Organizers of local movements for racial justice want to make sure the thousands of New Hampshire residents who have marched, rallied and stood in vigils over the past month stay active beyond a few days of demonstrations in the wake of police violence.
Protests in Manchester, Concord, Nashua, Portsmouth and smaller cities and towns across New Hampshire have drawn thousands of people, following the death of a black man while in Minneapolis police custody. Three police officers there have been charged.
At a rally Saturday in Concord, local Black Lives Matter chapters and other racial justice organizers spoke to more than 500 people gathered outside the statehouse.
“The marches and rallies were to raise awareness,” said Samantha Searles of Black Lives Matter Nashua. “Now that it’s in the forefront, we’ve got to keep it up.”
Derry resident Nichell Latimore, who attended Black Lives Matter events in Londonderry and Merrimack this month, said she is writing letters to members of Congress, signing petitions and reading more on race. “I’m happy to see the involvement and the support,” especially in a state as white as New Hampshire, Latimore said.
“This is bigger than one or two people. As much as this is about George Floyd and Breonna Taylor, it’s not just about George Floyd and Breonna Taylor,” Latimore said, referring to the Minnesota man and a Kentucky woman killed by police this spring.
James T. McKim, president of the Manchester branch of the NAACP, led protesters in chanting “Black Lives Matter” and other slogans.
“Those slogans don’t mean anything if we don’t take action,” McKim said. “First and foremost, vote. Secondly, cajole, twist arms for all your friends, neighbors, family, wherever they live around the United States, and have them vote.”
Organizers wanted to register voters at Saturday’s rally but couldn’t without a Concord city clerk on hand, Searles said.
McKim urged people to fill out their census forms — there was a table at the rally with the paperwork — and talk to their legislators.
“Make sure they are going to vote for us,” McKim said.
The Black Lives Matter chapters in Manchester and Nashua worked together to compile a list of seven demands for gubernatorial candidates.
Organizers want training on implicit bias training for law enforcement and state employees, a civilian board to oversee police, a task force in the governor’s office to seek solutions to systemic racism and a plan to address the disproportionate imprisonment and jailing of black and Latino Granite Staters.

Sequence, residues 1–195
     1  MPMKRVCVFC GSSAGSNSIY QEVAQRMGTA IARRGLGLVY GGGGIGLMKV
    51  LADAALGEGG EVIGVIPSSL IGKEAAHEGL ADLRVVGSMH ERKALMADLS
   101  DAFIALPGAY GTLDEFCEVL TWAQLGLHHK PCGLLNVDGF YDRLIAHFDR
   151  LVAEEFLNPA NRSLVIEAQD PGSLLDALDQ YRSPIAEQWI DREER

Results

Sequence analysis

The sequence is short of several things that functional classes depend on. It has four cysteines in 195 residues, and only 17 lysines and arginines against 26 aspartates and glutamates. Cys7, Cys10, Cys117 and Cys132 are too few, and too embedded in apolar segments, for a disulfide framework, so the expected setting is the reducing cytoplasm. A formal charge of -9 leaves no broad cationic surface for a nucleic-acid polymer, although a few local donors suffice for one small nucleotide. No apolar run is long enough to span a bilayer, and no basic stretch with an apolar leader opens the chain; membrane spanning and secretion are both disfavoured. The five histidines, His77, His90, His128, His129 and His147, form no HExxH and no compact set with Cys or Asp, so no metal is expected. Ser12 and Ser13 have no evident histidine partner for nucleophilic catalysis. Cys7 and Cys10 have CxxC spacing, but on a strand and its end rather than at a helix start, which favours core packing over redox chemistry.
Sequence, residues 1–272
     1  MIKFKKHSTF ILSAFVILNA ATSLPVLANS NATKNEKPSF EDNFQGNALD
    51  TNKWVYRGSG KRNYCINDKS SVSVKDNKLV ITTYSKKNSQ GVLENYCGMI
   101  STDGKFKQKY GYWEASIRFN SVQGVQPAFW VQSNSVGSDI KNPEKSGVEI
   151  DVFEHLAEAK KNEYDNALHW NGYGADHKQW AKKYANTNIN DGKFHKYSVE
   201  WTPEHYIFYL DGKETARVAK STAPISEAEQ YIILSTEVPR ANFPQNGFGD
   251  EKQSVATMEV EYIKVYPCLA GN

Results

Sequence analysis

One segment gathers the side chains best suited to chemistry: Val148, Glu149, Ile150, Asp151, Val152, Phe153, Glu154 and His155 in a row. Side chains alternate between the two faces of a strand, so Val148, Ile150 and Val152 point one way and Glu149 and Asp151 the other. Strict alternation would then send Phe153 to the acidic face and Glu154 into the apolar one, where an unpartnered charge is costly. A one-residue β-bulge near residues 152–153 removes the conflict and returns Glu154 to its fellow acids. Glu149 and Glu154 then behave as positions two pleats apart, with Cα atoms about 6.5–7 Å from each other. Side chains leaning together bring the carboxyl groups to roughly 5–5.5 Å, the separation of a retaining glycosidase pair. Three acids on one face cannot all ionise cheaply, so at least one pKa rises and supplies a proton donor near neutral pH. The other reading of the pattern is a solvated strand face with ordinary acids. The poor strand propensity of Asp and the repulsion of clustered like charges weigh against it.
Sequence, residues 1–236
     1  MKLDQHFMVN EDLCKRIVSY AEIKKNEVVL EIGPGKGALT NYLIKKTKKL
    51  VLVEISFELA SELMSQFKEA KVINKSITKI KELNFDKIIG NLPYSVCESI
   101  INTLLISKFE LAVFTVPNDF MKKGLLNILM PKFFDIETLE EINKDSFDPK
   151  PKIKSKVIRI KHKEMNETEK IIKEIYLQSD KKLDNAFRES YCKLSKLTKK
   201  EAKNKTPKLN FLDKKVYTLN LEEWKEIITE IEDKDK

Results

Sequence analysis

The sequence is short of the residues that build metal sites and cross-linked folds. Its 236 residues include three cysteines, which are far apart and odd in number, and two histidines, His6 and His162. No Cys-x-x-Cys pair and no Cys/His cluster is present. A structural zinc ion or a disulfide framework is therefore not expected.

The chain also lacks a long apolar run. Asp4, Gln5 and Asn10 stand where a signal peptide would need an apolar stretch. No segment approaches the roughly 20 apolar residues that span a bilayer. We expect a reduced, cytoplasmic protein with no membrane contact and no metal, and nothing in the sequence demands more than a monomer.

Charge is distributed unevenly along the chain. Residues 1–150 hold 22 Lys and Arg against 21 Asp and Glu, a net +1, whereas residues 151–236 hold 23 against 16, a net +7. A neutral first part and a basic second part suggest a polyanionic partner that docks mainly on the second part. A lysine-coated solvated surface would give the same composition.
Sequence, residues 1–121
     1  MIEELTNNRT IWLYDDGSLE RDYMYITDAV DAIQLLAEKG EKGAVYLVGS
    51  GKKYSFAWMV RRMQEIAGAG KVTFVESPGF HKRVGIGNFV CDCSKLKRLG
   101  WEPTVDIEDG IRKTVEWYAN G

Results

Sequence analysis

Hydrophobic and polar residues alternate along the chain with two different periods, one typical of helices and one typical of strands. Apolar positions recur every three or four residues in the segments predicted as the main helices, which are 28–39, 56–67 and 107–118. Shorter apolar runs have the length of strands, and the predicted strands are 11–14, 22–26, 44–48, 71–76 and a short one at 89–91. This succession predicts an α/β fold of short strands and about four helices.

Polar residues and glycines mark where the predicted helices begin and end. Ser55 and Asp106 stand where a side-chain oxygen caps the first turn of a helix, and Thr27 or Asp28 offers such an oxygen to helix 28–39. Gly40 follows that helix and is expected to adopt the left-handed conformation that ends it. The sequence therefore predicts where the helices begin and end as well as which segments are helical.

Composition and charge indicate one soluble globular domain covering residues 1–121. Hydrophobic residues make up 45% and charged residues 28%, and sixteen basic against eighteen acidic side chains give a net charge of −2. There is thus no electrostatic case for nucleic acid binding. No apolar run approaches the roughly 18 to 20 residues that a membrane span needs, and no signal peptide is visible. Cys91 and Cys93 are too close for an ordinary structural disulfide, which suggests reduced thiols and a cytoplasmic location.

They also want the next governor to state his support for legalizing marijuana and prohibiting the use of tear gas and rubber bullets against nonviolent protesters, as well as support efforts to address racism in schools and curriculum.
County attorneys are on the ballot in November, too.
Joseph Lascaze, an organizer with the American Civil Liberties Union of New Hampshire, reminded those in attendance in Concord on Saturday that county attorneys have great power over criminal justice in New Hampshire.
Lascaze said he hoped people would call their state legislators and ask them to support bills to ban police chokeholds (HB 1645) and to require police to report misconduct to their chiefs (HB 1217).
“Your voice sounds like 1645 being passed,” Lascaze said, as hundreds of people cheered.
“There are tons of ways to show support,” Searles said. “Find a way to show up, even with your dollars,” Searles said, both by donating to charities and activist groups and by spending money with black-owned businesses.
“We want people to know what we’re doing,” said Manchester organizer Mohamed Elhassan. Both Manchester and Nashua Black Lives Matter groups have announced events and initiatives on social media, he said.
Jas LaFond of Concord, who brought her husband and two young daughters to the rally, said she wanted to see people keep talking about race on social media. “I’d hate to see everybody’s timelines go back to normal, and think it’s business as usual, because it isn’t.”
Meccah Hummell of Lowell, Mass., said she wanted protests to continue in order to keep pressure on lawmakers.
“Hopefully, the more people show up, the quicker we’ll get our message across,” Hummel said. Calling legislators’ offices felt like a futile effort, she said. “If I have to stand out here and shout at the top of my lungs, that’s what I’ll do,” she said.
“I think it’s important to keep showing up,” said Jackie Douston of Nashua, sitting with Hummell.
Searles encouraged people to get involved with their local advocacy groups, including Black Lives Matter. “We need people with different skills. We need people.”